There is an Arabic saying: “Itha biddak it hayru, khayru.”
Translated, it means: “If you want to confuse or bewilder a person, give them choice.”
But before we delve into that, let me share the following.
I know a wealthy Iranian restaurant owner who liked to check on his customers. After exchanging pleasantries, he would sit down and say with great aplomb to them, “Floos kteer, mushkilat kteer.” – a lot of money, a lot of problems.
This brings me back to the issue of choice.
Most people dream of being rich, or at least having more money in their lives. But with this comes the need to make many decisions. Have you thought it through? Not only what to invest the money in and how to best manage it, but also where to live and what to buy – in other words, what would you do with the extra money?
Being rich means that you have more choices and more freedom. But as the restaurateur noted, having more means that we need to deal with a new set of issues.
If money were no object and the world was your oyster, where would you live? Which continent, country, town, street? What kind of house would you buy?
It might sound like a dream come true. But think about it: having all those choices is not as rosy as it seems. Being confused by choice goes beyond having untold wealth.
Imagine that you are lucky enough to work from home or you are location-dependent. In other words, imagine your work involves travelling to deliver speeches and run workshops all over the world, and so you could live anywhere. Where would you choose? And why?
This second scenario means that you have choice within certain boundaries – namely the parameters of what you can afford. If you think about it, these boundaries give your life structure.
You have choice, but it is limited choice. And even then it can be overwhelming. I know of people who are in this seemingly enviable position, except they are jealous of people who have little say in which city to live in because of where they work.
So I would like to invite you to think about the financial limitations in your life as a blessing. They give you structure.
It might sound like a bad thing, but it is not if you think about it.
Most of us know that it is easy to get sidetracked when you do not have a deadline to work towards.
In money terms, I would like you to define that deadline in terms of what you can afford. As for what you are working towards, think of it as what fits with your current, limited budget, life aspirations, current phase of life and circumstance.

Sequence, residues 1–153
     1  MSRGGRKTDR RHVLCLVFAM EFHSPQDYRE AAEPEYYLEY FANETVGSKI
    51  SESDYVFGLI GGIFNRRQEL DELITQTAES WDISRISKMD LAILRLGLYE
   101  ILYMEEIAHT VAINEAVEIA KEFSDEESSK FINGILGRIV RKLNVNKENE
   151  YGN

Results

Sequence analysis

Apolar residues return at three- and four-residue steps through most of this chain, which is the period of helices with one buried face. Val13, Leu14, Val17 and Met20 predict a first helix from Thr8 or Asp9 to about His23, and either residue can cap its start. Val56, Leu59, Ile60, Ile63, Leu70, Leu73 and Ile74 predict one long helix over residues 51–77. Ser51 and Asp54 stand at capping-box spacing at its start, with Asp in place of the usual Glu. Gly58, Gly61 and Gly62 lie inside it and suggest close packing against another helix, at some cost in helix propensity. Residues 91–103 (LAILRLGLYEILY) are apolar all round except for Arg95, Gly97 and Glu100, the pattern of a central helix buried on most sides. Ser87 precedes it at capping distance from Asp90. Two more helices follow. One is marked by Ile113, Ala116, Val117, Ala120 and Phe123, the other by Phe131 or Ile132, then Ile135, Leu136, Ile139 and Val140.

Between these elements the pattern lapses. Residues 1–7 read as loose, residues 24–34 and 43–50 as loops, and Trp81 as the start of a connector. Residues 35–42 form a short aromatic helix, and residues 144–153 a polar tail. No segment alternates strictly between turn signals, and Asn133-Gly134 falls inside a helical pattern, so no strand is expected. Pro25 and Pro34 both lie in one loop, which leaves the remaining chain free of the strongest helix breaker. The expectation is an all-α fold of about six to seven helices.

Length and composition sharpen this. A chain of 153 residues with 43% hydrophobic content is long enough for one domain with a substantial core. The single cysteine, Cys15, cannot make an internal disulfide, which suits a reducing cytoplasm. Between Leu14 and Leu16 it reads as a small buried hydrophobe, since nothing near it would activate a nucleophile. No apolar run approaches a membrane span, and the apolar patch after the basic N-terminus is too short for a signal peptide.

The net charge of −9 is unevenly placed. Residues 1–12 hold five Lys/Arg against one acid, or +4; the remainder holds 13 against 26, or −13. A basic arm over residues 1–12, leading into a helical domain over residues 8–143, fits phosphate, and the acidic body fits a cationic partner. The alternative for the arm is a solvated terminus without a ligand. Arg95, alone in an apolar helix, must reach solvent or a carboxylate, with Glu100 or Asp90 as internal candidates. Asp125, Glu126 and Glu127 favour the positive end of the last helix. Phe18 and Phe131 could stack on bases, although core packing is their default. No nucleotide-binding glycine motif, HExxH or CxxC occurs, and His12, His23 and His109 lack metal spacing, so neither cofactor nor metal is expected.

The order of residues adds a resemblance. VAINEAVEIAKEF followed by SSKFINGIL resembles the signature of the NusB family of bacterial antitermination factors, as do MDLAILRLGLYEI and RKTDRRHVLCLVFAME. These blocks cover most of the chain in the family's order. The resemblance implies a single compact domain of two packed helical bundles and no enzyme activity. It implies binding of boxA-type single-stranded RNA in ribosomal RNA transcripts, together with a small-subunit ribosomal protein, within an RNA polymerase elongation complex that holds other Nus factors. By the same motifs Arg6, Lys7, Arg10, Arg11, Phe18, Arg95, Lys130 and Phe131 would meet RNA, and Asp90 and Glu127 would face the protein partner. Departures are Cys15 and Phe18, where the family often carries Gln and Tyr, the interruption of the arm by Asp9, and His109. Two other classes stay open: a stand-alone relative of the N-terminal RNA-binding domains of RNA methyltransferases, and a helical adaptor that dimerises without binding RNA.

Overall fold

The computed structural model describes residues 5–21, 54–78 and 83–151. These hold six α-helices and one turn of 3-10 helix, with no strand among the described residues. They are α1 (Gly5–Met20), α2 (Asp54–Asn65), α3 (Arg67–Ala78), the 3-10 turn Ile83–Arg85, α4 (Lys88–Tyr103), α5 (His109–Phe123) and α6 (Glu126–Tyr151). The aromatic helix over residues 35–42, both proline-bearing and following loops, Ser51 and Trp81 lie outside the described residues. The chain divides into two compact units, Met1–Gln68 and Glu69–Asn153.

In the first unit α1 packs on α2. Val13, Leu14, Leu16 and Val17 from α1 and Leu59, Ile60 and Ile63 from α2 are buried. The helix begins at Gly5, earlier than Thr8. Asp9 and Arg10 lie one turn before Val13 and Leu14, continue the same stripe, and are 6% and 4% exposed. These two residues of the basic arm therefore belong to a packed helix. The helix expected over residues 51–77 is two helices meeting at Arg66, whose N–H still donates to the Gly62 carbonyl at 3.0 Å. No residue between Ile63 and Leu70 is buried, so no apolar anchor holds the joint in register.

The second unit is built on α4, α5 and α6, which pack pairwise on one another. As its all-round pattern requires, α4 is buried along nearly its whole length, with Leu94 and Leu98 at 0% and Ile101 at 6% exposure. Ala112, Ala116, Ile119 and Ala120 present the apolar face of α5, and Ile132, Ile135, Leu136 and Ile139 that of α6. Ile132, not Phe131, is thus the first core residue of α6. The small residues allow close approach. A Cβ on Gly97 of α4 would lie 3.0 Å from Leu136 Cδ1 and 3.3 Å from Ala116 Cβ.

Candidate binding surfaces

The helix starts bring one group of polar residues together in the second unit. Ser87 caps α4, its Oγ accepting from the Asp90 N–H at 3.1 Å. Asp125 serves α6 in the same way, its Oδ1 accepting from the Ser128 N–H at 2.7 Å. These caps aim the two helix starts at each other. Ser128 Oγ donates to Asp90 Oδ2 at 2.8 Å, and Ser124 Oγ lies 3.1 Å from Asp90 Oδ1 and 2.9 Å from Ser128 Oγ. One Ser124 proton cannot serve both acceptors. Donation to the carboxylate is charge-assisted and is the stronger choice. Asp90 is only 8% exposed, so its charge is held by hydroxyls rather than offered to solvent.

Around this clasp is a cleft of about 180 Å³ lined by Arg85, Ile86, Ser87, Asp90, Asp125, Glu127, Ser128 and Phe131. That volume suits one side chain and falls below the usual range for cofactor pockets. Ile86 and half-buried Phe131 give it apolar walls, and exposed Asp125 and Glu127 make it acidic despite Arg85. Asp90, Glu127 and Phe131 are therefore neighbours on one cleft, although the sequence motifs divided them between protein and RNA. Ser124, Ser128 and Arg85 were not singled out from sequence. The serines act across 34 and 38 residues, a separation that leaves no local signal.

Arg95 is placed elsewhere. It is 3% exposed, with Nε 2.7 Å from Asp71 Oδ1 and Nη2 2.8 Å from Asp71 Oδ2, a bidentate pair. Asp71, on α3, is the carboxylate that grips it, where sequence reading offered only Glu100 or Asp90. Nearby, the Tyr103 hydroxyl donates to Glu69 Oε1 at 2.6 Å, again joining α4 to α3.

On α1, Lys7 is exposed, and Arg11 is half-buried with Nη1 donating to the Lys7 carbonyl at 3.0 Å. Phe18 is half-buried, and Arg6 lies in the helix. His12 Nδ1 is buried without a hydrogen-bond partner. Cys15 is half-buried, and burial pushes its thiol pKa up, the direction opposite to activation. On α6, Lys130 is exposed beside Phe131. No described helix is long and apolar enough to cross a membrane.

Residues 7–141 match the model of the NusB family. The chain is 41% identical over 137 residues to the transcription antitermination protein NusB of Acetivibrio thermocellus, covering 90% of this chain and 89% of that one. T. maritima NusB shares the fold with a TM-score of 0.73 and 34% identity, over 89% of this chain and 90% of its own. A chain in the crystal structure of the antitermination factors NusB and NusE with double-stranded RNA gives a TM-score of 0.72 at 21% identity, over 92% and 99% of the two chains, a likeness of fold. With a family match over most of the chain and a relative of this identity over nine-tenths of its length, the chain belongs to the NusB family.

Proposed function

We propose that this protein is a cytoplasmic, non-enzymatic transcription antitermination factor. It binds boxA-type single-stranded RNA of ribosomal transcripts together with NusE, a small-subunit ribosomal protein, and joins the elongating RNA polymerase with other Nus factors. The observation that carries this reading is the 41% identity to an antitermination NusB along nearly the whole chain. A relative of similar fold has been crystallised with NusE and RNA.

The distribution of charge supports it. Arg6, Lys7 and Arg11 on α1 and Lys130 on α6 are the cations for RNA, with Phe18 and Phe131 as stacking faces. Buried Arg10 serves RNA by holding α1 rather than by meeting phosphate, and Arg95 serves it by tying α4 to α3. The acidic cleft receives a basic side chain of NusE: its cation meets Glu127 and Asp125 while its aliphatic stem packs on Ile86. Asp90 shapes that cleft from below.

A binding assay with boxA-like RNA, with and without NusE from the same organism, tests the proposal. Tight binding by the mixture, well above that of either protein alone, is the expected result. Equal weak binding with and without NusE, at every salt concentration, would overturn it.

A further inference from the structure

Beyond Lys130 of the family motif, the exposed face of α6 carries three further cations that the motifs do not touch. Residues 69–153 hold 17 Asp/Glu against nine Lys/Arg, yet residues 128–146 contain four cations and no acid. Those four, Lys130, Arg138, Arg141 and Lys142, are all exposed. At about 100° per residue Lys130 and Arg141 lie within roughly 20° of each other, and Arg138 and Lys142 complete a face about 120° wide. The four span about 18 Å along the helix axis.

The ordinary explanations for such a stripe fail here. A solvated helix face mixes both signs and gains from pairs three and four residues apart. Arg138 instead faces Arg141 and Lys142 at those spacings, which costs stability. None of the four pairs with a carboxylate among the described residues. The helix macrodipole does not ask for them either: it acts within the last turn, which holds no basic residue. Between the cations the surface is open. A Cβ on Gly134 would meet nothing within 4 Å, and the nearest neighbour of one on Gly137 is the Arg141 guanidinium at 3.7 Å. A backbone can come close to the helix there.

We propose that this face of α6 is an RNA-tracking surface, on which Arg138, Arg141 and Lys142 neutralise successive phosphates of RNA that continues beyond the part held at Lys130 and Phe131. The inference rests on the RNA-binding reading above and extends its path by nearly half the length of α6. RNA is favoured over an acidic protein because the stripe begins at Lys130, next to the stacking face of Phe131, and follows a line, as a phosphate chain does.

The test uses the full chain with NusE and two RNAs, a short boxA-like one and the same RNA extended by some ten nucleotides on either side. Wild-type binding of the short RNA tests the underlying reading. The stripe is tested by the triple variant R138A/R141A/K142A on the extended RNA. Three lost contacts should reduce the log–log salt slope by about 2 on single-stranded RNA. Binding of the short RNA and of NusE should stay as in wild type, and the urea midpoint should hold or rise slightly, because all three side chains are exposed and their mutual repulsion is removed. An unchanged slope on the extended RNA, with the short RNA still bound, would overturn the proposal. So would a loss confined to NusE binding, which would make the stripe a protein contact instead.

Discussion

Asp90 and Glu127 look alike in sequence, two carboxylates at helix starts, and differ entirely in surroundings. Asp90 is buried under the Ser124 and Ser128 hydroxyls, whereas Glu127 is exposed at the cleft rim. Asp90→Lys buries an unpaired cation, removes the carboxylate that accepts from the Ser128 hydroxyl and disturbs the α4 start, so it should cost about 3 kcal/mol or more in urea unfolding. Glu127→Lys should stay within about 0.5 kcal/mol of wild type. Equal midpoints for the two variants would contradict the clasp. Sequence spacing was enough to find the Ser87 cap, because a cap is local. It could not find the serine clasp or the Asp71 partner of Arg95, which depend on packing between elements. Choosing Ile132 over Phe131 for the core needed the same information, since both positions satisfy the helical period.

The definition of a deadline includes a line which does not move, and a boundary around a person.
So your money deadline, or your boundary, is your earnings.
Life coaches often talk about the need for “structures” to make life “easier”. They’re generally referring to the systems in our lives that streamline a task or process. Classes, routines, and protocols – these are all types of life structures that help us get things done.
We should have the same approach regarding money. The money that you currently earn is a finite amount, just as the hours of the day are.
And just as life coaches show people how to compartmentalise and address the stress in their lives and make the best use of time, I would like to invite you to do the same with the money in your life. Break it down into what you honestly and realistically can afford, and what that buys you.
The big shift in thinking that needs to happen for many people is that it is about managing your spending, not your income.
What I mean is this: many people have in mind what they “need” to earn to live the life they want. They are not earning it right now, but they are spending as though they are. Stop. Look at what you currently earn, and instead of rejecting or dismissing it, relish that limitation. Work towards earning more, but live within the constraints of your income.
Think of it as giving your life structure so that you can define and design it for yourself.
There is beauty in limits. Constraints give your life shape. Discover your constraints and rejoice in them.
Nima Abu Wardeh is the founder of the personal finance website www.cashy.me. You can contact her at firstname.lastname@example.org